Comment: Let us not confuse ‘rights’ with ‘policy’

Centuries of philosophy underpin our understanding of inalienable rights. Let's not confuse them with policy outcomes.

'Rights' is a term that is often bandied about with passion but is often deeply misunderstood. We mustn't confuse our fundamental freedoms with 'policy outcomes', writes Dr Peter Phelps.

One of the unfortunate aspects about modern political debate has been the squatter-like occupation of the ‘rights’ debate by the Left. To some extent, it has been the fault of people on my side of politics.

We have, under the banner of ‘conservatism’, claimed that our Common Law traditions are fine and we don’t need codified rights and it’s all too difficult and that it just empowers activist judges and… you get the drift.

Ms Bracks' recent contribution to the debate exemplifies just how dangerous is such an abandonment of the field. And while she is correct on the protection afforded to US citizens by codified rights, the implications of her style of ‘rights agenda’ are much less pleasing.

It is illegitimate to proclaim things as ‘rights’ when they are no more than policy prescriptions.

So what should rights do? Rights exist to ensure that a person who seeks to benefit from the community of humanity, known as ‘society’, is not imperilled by that society.  In other words, true rights have a quality of limiting the state (or other aggressive individuals) in what it can do to individuals.

Rights pre-date the existence of the state.  For this reason, the US Declaration of Independence speaks of “unalienable” rights – they are not granted by the state, but recognised by the state and prevail over it.

It goes on: “That to secure these rights, Governments are instituted among Men, deriving their just powers from the consent of the governed.” Note the emphasis – ‘to secure these right’, not to fabricate them. To rely on ‘consent’, not force.

So what are these rights? Genuine rights are the ones that you would possess as a human being, even if the state did not exist. They are the three great natural rights: Life, Liberty and Property.

You own your life. You may seek to join with others in voluntary association, but that does not mean other people own your life. People cannot take your life – that is murder – and you are morally justified in stopping anyone from doing so.

You own your liberty. When you live, you do things. Nobody has the right to tell you not to do something, provided that it does not hurt others.

You own your property. The product of your life and your liberty is your property. People who take your property without your consent are thieves.

By the same token, a crime committed by an individual is no less a crime when that same crime is committed by a group of individuals masquerading as a gang, or an army, or ‘the government’.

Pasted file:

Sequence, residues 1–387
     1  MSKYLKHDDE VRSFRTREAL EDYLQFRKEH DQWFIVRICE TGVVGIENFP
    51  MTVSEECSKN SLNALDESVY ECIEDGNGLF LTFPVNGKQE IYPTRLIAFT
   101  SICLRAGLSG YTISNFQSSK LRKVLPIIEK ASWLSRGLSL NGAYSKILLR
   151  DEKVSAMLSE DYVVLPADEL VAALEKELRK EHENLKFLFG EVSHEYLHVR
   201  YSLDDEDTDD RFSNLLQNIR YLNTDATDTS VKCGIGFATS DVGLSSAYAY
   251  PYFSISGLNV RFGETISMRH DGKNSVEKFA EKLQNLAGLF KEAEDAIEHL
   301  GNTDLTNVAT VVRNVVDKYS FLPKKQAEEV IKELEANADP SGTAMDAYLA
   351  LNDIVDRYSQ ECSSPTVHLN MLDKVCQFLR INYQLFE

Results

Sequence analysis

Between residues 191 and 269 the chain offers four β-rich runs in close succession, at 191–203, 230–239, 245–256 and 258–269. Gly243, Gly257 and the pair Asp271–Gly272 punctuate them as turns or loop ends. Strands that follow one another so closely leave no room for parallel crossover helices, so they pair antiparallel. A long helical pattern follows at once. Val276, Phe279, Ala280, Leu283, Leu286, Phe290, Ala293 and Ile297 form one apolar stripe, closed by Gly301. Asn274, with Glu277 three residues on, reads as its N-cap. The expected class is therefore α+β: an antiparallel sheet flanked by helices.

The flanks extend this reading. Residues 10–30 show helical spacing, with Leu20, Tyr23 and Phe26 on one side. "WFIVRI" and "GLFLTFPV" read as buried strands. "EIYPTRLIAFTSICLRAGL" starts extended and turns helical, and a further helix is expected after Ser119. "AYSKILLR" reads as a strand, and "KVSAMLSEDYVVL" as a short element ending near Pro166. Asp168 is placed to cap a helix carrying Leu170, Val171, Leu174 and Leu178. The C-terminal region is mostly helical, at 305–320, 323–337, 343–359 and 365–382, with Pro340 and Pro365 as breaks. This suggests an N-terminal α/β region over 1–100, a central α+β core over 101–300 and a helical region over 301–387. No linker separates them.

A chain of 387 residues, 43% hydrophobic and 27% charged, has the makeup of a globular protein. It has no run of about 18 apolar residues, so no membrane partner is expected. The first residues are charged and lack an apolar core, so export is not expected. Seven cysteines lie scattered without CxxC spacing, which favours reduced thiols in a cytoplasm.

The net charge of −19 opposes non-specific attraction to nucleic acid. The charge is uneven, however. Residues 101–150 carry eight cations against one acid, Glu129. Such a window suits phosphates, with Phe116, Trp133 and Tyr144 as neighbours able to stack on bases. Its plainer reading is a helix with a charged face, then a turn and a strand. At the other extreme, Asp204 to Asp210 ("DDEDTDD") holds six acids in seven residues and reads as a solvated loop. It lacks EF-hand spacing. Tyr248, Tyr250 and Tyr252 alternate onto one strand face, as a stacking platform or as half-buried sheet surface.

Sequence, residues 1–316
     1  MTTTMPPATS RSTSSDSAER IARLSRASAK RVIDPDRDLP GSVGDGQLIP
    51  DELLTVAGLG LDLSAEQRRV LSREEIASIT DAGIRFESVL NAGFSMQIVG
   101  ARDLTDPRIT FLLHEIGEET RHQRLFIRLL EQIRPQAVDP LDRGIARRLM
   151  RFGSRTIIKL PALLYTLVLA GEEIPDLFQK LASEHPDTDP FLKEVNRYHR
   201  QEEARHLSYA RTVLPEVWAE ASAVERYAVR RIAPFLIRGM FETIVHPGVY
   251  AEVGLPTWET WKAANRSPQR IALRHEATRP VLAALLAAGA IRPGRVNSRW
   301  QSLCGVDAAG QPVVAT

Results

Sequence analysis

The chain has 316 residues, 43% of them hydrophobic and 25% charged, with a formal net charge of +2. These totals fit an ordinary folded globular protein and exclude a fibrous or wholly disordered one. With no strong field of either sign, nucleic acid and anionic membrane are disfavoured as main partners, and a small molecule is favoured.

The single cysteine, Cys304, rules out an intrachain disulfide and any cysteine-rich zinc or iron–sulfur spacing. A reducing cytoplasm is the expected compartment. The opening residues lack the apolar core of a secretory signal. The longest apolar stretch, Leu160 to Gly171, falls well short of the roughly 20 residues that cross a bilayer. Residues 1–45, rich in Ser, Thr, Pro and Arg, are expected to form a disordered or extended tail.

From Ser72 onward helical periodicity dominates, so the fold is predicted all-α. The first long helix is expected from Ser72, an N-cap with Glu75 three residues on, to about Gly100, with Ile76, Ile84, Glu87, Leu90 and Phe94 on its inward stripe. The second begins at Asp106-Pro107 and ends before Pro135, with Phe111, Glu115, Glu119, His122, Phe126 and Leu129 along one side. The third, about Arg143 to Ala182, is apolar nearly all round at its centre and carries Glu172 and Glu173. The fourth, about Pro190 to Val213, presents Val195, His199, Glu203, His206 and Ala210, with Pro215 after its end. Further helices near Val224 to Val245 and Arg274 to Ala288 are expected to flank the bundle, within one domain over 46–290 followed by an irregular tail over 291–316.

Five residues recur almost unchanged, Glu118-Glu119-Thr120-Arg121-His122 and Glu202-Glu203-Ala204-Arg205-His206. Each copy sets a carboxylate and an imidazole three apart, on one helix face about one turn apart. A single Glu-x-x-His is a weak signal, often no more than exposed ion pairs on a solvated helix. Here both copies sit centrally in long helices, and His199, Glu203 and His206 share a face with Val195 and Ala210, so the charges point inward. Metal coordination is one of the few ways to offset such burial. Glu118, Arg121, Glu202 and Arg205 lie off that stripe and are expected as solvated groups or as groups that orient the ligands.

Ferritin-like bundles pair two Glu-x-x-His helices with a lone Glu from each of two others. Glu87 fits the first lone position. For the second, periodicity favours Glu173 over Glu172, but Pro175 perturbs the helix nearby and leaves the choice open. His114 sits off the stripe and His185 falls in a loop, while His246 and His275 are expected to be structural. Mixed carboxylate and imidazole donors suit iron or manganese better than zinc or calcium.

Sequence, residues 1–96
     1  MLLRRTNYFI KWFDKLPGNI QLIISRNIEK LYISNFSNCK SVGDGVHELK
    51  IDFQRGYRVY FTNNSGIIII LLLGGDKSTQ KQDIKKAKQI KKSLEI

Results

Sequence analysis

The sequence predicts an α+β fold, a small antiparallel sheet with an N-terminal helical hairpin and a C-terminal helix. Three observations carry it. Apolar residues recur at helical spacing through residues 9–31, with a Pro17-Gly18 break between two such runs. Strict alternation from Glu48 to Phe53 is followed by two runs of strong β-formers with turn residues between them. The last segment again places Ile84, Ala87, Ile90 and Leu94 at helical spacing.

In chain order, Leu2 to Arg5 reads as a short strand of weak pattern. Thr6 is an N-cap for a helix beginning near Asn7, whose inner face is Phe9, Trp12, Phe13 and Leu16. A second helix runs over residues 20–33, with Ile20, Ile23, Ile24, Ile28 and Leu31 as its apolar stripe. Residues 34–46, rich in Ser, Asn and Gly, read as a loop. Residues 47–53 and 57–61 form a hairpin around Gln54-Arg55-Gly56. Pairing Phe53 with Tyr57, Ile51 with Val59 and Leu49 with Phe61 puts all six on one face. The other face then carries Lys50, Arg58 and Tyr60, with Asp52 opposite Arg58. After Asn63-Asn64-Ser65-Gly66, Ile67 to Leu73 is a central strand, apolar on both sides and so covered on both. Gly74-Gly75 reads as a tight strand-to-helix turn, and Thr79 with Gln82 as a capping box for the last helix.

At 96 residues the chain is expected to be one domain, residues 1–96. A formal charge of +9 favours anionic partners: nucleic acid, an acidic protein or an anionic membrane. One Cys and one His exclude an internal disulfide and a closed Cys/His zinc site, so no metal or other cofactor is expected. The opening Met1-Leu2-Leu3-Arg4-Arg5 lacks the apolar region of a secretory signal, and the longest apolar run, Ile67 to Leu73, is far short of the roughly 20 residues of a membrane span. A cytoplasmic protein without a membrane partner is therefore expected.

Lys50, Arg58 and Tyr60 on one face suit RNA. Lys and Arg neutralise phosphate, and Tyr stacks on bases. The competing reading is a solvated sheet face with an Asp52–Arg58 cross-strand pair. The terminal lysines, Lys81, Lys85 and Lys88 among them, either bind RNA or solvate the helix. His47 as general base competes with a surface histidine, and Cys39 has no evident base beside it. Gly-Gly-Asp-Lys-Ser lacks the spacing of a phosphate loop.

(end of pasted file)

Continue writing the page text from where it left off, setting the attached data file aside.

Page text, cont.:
Any valid right can be adjudged thus: if I lived alone on a desert island, what claim could I make, and what claim could I give effect to?  Try asserting your “right to free education” in the middle of Antarctica.

People – invariably of the Left – who talk about a “right” to free education, or free health, or clean water, or non-discrimination are really talking about policy outcomes, not genuine rights.

By clothing such policies in the language of ‘rights’ they purport to place them above debate, as if they were supremely, obviously natural. But they are not.

I presume that Ms Bracks supports ‘abortion rights’ at the same time she decries ‘gun rights’. It is quite arguable that abortion is a subsidiary right, under the auspices of one natural right, that being Liberty. But gun ownership is clearly a subsidiary right of all three.

A gun protects me from those who would seek to do me harm (Life). A gun allows me to enjoy an afternoon of target shooting (Liberty). A gun stops a burglar from stealing stuff from my home (Property).

Indeed, Ms Bracks is wrong to believe that this is something which just arose in the context of 1776 and the American Revolution. The 1689 English Bill of Rights – that word again! – included a specific right to bear arms, among a suite of other rights which are the basis of our Parliamentary system.

This is not meant to be a dissertation on gun ownership, but to show how contentious the issue of rights can be when people seek to hijack the language of ‘rights’ and use it for policy outcomes. Just because you think those policies are good does not – and cannot ever – make them rights.

And just because you think that certain (genuine) rights are ‘bad’, that opinion offers no justification or authority for disposing of them.

The Hon Dr Peter Phelps is a Member of the Legislative Council of NSW.

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